If you’ve never communicated with a chicken you could be forgiven for assuming there’s not much intelligence, not much emotion, in other words that basically chickens are dull and insentient. But nothing could be further from the truth!
I received an email from Arietta, ‘a story about an intelligent being’.
Arietta was happy to share it with you.
“Our neighbor collected different types of chicken and roosters and one was a breed that had feathers on his head that stuck up in the air like a punk rocker called Spike. He was small and cute and very friendly with my husband, Frank, who would throw him a few grains of corn once in a while.
Spike would wait by the gate in the late afternoon for my husband to come home from work. Frank would come through, and Spike would follow the truck down the driveway, running and wobbling as chickens would, and wait for Frank to open his door and go into the garage for the corn.
Often times, on days off, whenever Frank would be on the property doing work, Spike would follow him around like a dog. Whenever he would see Frank, he would always come and visit.
As most people know, roosters make an “alarm” sound when there is danger and all the chickens run for cover.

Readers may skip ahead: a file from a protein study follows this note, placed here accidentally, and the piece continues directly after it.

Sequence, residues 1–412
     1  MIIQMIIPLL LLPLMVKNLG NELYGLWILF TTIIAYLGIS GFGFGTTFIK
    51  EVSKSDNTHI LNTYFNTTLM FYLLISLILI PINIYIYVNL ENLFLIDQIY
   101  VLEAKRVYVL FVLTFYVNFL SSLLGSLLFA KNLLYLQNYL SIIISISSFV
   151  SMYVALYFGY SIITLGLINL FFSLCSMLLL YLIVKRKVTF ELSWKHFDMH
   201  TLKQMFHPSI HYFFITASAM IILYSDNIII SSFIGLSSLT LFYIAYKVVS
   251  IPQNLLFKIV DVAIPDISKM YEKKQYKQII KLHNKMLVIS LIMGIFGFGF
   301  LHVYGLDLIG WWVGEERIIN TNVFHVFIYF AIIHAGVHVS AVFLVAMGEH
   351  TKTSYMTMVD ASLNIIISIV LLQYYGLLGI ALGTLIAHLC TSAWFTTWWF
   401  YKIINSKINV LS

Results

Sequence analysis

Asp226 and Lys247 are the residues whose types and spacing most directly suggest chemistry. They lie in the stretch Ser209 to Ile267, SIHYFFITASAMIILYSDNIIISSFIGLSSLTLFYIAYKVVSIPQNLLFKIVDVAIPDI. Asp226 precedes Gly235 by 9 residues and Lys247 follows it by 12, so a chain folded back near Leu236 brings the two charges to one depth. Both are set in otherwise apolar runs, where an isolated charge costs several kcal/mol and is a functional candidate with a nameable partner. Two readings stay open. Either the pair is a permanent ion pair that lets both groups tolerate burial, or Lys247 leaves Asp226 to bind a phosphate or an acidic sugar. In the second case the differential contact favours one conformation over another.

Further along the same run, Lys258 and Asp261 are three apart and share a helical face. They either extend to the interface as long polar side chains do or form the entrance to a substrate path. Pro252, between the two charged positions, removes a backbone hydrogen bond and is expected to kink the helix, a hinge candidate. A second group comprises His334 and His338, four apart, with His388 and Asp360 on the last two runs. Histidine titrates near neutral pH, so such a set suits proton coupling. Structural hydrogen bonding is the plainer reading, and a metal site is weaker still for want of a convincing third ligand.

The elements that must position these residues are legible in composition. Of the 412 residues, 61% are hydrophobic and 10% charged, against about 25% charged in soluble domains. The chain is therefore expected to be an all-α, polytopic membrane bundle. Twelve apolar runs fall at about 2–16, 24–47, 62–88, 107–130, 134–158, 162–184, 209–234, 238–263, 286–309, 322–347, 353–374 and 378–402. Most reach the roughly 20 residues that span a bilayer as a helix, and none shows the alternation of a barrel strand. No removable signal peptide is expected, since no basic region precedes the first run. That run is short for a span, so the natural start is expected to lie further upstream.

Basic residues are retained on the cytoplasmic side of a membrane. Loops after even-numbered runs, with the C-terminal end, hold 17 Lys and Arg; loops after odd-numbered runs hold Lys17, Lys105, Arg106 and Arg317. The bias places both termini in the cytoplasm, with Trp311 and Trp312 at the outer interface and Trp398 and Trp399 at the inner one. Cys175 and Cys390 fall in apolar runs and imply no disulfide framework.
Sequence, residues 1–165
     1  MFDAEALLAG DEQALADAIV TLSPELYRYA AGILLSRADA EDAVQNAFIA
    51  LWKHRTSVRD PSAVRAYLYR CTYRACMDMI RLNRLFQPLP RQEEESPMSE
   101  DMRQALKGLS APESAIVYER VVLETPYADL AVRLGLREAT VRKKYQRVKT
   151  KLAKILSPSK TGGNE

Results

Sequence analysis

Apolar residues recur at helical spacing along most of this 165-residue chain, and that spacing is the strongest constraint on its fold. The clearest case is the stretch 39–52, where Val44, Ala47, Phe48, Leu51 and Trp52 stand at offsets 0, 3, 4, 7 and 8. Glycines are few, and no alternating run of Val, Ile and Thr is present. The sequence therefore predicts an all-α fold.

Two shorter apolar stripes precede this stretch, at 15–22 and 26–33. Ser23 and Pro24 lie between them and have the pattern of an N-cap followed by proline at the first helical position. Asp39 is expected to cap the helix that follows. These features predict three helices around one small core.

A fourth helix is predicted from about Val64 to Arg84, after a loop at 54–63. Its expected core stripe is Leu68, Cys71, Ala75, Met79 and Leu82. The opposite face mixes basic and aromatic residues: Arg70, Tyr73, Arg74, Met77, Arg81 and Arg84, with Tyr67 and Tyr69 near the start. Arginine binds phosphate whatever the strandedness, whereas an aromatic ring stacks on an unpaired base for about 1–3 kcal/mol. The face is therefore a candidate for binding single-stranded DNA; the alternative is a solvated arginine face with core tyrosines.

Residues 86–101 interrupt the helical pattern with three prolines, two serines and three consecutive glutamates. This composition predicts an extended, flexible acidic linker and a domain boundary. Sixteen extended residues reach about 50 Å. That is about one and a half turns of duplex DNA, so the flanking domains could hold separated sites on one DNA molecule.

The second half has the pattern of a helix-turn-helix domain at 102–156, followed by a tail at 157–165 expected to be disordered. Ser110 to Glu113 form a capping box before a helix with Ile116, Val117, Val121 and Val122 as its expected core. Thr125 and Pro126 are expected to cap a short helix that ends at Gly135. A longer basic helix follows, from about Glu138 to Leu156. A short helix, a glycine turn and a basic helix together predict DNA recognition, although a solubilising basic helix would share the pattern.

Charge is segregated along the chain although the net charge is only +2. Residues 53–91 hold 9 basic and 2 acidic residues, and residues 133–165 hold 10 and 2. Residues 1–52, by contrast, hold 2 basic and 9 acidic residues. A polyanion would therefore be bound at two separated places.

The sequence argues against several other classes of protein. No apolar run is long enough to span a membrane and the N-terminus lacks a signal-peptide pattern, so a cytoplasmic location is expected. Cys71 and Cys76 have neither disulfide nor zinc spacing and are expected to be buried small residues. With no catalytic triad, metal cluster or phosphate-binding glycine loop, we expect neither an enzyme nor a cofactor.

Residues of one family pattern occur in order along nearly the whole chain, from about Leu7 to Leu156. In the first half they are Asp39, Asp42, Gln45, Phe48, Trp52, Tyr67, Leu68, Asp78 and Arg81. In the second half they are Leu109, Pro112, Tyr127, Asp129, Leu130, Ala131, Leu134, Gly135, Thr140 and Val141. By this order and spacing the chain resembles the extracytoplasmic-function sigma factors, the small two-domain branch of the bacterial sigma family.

One day, I was in my studio and I could hear Spike in front of the house making the sound. I poked my head out the door to see what was happening and everything looked fine. I expected to see a coyote, yet, there was nothing.
I went back in and he continued to sound the alarm. I poked my head out again and there he was still sounding the alarm. I looked up and saw Frank in the other direction working on some water pipes around a tree and told him he should probably go see what was wrong with Spike.
Frank went off to check and I went back into the studio to continue what I was doing and I heard a strange noise where he’d been. I looked out, and there was an enormous tree on the ground in the exact spot where Frank had been seconds before.
Spike had done his job and he was then quiet and content.
He loved Frank so much and sensed danger.
Sadly, a couple of weeks later he was taken by a coyote.
We still think about that incident after many years and are so grateful for his love, intelligence, and dedication.
We think of the animals as liking us because we feed them but when we take a closer look, there is a profound love they have for us. Spike saved Frank’s life.”
If you’ve not tried communicating with chickens I strongly advise that you do. They are such brilliant, fun and opinionated birds. Communicating with them can be both emotional and inspiring.
If you’d like to send in an experience with your animal loved one, email [email protected]
With kindness and grace,
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